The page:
Article 2:335 of the new Penal Code, which concerns ill-treatment of animals, but also serves to accommodate the tradition of cockfighting, was the first possible infringement on the Constitution to be discussed.

The Ombudsman said that despite “vast protests by groups in society” Parliament voted in favour of the inclusion of the exemption from punishment for “cultural expression or structural activities in which animals are used in an organised context.”

She claimed the exemption is in conflict with Article 22 of the Constitution that obligates government to improve the environment and animal welfare and goes against government’s obligation to protect animals.

Gibson stated that the use of animals for cultural activities is allowed when other provisions in the law are observed, such as that animals may not be unnecessarily hurt. He further said that government will set up a permit system for “certain activities,” and called the appeal premature. According to Gibson, Article 22 would not be applicable in this case.

The Judges asked a number of critical questions on this point. “There is no permit system yet, and it has not been established yet that sharp objects are not allowed or that animals are allowed to be left to die. How to make cockfights innocent…a fight without gloves, so to speak?” Judge Wit said.

The government’s legal team, headed by Head of Judicial Affairs Vidjai Jusia could not immediately provide an answer to the question how such a permit would look.

Crimes against tourists

The Ombudsman said that heavier sentences for crimes committed against tourists should be forbidden as these were discriminating and would endanger locals and visiting businesspersons.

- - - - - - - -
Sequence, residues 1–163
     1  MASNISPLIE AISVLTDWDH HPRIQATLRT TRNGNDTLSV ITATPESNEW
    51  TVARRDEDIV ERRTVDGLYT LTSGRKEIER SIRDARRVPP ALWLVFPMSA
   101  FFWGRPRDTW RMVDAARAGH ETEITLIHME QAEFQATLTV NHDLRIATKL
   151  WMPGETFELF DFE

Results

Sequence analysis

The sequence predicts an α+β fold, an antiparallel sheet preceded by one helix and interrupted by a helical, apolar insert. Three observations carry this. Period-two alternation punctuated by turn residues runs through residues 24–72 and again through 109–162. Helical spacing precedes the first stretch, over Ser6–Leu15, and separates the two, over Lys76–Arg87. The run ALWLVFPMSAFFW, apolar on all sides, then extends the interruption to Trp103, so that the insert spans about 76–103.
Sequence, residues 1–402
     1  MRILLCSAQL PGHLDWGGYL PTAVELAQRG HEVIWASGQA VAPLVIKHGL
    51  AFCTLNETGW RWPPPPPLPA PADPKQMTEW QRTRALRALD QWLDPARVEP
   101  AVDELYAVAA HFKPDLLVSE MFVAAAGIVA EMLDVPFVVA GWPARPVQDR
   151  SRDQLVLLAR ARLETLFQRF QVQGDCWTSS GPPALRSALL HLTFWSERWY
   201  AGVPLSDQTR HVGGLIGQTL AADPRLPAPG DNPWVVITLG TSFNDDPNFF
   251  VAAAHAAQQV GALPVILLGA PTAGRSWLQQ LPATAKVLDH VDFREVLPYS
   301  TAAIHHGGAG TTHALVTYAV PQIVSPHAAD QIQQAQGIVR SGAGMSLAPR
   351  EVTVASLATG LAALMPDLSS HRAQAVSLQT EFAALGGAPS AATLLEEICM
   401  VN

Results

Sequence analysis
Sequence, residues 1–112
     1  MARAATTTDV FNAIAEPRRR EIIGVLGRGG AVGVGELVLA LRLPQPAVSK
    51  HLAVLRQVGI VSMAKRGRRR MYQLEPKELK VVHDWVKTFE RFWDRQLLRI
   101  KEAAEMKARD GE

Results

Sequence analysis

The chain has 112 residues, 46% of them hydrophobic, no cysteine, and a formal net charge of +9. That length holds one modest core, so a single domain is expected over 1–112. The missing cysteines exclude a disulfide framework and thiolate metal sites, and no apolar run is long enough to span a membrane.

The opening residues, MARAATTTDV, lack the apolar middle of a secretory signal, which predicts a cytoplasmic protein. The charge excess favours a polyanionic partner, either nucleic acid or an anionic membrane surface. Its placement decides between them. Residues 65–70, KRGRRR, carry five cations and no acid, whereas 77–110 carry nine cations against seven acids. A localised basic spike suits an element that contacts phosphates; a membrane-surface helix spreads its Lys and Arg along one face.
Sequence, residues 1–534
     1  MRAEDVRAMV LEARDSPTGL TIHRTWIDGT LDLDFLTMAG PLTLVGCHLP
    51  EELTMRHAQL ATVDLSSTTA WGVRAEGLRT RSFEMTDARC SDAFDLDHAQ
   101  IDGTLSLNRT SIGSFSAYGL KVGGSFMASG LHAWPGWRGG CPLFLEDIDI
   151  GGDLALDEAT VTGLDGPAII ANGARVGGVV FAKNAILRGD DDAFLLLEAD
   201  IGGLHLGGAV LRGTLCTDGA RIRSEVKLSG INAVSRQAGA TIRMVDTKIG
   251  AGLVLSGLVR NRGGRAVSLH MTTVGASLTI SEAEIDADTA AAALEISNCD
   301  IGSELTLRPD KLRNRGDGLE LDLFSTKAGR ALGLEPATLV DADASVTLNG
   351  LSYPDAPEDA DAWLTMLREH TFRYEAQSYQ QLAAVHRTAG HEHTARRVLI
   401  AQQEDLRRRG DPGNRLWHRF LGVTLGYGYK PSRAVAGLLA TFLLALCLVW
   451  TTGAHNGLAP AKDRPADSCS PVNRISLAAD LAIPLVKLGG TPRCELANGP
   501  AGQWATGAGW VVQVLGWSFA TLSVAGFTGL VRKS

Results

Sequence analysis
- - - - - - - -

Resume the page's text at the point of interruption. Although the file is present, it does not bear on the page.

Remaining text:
Government contested this and stated that Article 289 was included in the Penal Code to protect the tourist industry, which is the main force behind the island’s economy.

Court President Wit pointed at the fact that this would lead to “strange things and oddities,” such as the fact that a visiting businessman would get less protection than his colleagues visiting the island to relax.

“The same would go for visiting St. Maarteners who live abroad. They would receive more protection when they come visit here, than their relatives who live here,” said Wit.

Judge Vermeulen wondered whether the Ombudsman had thought too quickly with her appeal on this matter, seeing that it is still up to a Judge in the Court of First Instance to actually impose higher sentences for crimes committed against tourists.

Life sentences

The Ombudsman also requested review of the policy concerning life sentences. She stated the possibility for parole for “lifers” should have been included in the new criminal code.

Arduin said that removing the possibility of early release for prisoners serving life sentences goes against the humane treatment of prisoners as stipulated in Article 30 of the Constitution.

According to government, the Ombudsman is not authorised to ask the Court to make government include legislation in draft-ordinances, but “just to quash ratified legislation.” Therefore, it requested the Court to declare the Ombudsman inadmissible on this point.

Conditional release